Understanding the Dangers of Binge Drinking
It’s not hard to imagine why some people choose to alter their psychological states and alcohol is one of the oldest substances known to man that draws the curious in. Perhaps, the person may drink because they are happy, sad, isolated, or self-medicating emotional or physical pain. Whatever the reason, consumption of alcohol is promoted in our society as a way of dealing with stressful events, enjoying activities and entertainment venues, socializing, celebrating, and boosting our self-esteem in the presence of others.
What many people don’t understand is that binge drinking can have lasting and devastating effects on long term health in much the same way as a heavy drinker assumes those risks and for society, according to the National Institute on Alcohol Abuse and Alcoholism (NIAAA) , “Almost three-quarters of the total cost of alcohol misuse is related to binge drinking.”
What is Binge Drinking?
Binge drinking for men, is drinking more than 5 drinks an occasion or in about 2 hours and for women, it is 4 drinks in the same amount of time. In the United States, a standard drink is about 12 ounces of beer @5% alcohol, 5 ounces of wine @12% alcohol, and 1.5 ounces of distilled spirits @40% alcohol. Unfortunately, when people binge drink, alcohol measurements are their least concerns and often the alcohol contents are increased as the drinking continues.
The effects on blood alcohol content (BAC) at these rates is estimated to be .08 or higher depending on several factors such as metabolism rates, the amount of food ingested, weight, age, and health status. Having a BAC of .08 makes it illegal for anyone to drive a vehicle because at this rate, both cognition and motor functions are impaired.
Some people are more tolerant to the alcohol’s effects than others, still placing themselves and others in danger by drinking excessively. Beyond the hangovers that can ensue, are the immediate dangers of alcohol poisoning, assaults, and accidents that often accompany these patterns of drinking.
Dangers to Health
Accidental injuries, falls, and physical violence that often happen along with binge drinking behaviors can lead to life-long physical impairments. Other physical complications to health include liver damage, cardiovascular disease, cancers, lung infections, and poor immunity. Withdrawal can cause severe impairments from seizures or delirium tremens which may be fatal.
Binge drinking affects the chemical balances in the brain and central nervous system and is linked to neurological problems as well as psychological problems that include exacerbated anxiety, depression, and emotional instabilities. Harmful, violent, and suicidal behaviors while binge drinking threaten not only the life of the drinker but, those they come in contact with also.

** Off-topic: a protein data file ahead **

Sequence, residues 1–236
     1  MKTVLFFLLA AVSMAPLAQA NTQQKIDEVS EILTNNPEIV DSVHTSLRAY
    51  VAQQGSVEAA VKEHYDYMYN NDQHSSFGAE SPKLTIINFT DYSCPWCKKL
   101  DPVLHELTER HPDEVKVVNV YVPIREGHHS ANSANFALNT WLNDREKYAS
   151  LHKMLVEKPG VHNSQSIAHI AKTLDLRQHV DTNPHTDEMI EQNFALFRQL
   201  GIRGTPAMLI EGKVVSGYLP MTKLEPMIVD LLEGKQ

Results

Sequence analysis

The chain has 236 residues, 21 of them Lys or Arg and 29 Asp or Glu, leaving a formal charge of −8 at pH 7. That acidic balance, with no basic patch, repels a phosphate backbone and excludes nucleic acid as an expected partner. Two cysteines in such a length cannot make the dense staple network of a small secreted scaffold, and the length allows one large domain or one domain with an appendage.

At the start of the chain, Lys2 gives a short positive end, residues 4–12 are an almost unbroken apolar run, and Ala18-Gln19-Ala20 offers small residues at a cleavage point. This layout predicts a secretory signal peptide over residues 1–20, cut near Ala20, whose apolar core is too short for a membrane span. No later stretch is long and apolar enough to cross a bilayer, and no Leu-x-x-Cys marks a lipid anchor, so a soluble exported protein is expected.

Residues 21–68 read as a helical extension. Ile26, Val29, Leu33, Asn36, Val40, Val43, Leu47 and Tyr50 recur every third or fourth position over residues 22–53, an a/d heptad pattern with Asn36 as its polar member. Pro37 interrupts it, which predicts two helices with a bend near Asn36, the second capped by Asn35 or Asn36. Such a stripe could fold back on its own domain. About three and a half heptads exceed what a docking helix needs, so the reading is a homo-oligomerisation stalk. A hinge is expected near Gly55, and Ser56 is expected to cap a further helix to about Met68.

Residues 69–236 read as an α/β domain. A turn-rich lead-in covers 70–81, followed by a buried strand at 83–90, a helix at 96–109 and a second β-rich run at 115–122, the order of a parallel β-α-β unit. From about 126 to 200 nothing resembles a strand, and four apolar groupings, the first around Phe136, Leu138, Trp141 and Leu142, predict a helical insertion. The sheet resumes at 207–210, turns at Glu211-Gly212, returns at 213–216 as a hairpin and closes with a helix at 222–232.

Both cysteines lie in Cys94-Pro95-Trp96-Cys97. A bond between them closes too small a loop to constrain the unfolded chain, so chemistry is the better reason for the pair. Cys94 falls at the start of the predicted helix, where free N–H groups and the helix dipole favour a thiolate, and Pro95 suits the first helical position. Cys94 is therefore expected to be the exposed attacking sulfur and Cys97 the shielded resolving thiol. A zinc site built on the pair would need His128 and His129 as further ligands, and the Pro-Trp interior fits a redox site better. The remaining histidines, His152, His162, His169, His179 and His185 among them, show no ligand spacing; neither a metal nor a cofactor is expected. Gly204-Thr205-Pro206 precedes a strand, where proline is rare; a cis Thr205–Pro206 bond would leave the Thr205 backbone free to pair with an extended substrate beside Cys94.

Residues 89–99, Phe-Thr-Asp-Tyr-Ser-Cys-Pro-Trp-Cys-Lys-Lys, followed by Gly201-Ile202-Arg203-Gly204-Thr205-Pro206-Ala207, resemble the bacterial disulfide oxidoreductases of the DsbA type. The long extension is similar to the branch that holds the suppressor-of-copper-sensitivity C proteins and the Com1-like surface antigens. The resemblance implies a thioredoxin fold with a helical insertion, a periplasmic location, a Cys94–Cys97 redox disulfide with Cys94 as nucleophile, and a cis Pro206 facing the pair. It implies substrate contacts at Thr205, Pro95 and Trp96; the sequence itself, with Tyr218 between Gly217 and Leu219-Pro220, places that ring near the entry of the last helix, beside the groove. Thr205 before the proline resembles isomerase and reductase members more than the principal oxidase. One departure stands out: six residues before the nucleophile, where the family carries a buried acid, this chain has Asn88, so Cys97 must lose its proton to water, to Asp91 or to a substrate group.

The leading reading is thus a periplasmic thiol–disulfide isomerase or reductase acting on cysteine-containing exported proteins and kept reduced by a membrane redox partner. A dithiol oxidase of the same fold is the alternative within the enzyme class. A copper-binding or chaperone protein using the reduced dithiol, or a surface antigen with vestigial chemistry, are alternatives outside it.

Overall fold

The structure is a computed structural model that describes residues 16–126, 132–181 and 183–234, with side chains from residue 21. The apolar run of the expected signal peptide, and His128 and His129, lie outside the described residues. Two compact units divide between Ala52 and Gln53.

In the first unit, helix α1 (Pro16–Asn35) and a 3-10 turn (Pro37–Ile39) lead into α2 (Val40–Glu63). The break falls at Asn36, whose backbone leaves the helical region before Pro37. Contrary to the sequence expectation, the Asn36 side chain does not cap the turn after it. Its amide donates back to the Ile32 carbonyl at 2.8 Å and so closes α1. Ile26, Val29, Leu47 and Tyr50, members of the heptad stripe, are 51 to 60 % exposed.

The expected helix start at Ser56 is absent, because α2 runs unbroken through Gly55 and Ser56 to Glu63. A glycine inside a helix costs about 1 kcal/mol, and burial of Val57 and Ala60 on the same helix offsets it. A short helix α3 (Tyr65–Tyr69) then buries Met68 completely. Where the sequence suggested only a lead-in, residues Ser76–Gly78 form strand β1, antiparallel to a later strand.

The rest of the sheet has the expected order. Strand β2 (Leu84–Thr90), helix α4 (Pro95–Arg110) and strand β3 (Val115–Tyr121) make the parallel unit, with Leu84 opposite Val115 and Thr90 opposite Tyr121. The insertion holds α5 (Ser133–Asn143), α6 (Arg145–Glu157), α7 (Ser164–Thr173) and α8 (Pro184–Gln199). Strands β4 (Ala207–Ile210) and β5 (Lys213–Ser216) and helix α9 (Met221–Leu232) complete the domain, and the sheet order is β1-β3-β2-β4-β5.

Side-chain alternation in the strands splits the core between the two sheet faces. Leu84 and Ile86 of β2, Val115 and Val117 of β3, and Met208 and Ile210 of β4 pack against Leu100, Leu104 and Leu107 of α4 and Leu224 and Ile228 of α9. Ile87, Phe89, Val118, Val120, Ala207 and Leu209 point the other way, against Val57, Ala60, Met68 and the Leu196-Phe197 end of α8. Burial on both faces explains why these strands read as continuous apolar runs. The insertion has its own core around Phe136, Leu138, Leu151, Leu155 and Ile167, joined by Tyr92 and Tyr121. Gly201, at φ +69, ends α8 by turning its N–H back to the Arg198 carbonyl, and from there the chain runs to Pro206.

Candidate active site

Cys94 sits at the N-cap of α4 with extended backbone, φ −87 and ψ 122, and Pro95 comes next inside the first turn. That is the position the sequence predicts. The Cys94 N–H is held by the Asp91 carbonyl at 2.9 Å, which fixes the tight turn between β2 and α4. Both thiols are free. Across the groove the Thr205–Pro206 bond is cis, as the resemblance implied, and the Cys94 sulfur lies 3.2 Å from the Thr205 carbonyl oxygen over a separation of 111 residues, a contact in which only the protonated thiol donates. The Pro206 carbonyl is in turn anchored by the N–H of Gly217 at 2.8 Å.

Alcohol poisoning is common among binge drinkers and although the person may pass out, the alcohol continues to build in their blood stream and the myth that they will be “OK” by sleeping it off is a dangerous one. Vomiting is generally a first sign that too much alcohol has been consumed and if the unconscious person vomits and aspirates it into their lungs, chances are, they may choke to death due to the slowed gag reflexes caused by the alcohol.
Alcohol acts as a central nervous system depressant to slow breathing and depress other survival functions which can be fatal. Danger signs of alcohol poisoning include:
- Slowed or irregular breathing
- Hypothermia (low body temperature)
- Mental confusion, coma, stupor, and inability to wake up
- Pale or bluish skin (lack of oxygen in the blood flows)
Binge Drinking Dangers in College
Although the legal age to drink alcohol is 21, college students are at high risk of becoming involved in binge drinking episodes within the first six weeks of their first semester in school. This can make it more difficult for them to adjust in their first year and as many as 1/3 of first year college students do not reenroll the following year.
The NIAAA estimates about half of all college students engage in binge drinking and about 40.1 percent report past month binge drinking compared to other peers of the same age group not in college at a rate of 35%. Students who reside in dorms and on campus are at higher risk of becoming involved in binge drinking episodes because of increased exposure to their peers who do so.
According to NIAAA, researchers estimate that each year, dangerous consequences of drinking causes:
- 1,825 students to die from alcohol-related unintentional injuries, including motor-vehicle crashes.
- 696,000 students to be assaulted by another student who has been drinking.
- 97,000 students to experience alcohol-related sexual assault or date rape.
- About 1 in 4 students to suffer academic consequences.
- More than 150,000 students to develop an alcohol-related health problem and between 1.2 and 1.5 percent of the students attempt suicide due to drinking or drug use.
The NIAAA reported that in 2012, binge drinking:
- Was involved in 31 percent of driving fatalities (10,322 deaths).
- “24.6 % of percent of people ages 18 or older reported that they engaged in binge drinking in the past month.”
- “Approximately 5.9 million people (about 15 percent) ages 12–20 were binge drinkers.”
In other reports by the NIAAA, research showed that half of all water recreation deaths of teens and adults involved the use of alcohol and that drinking alcohol may be involved in as much as 60 percent of boating fatalities, including falling overboard.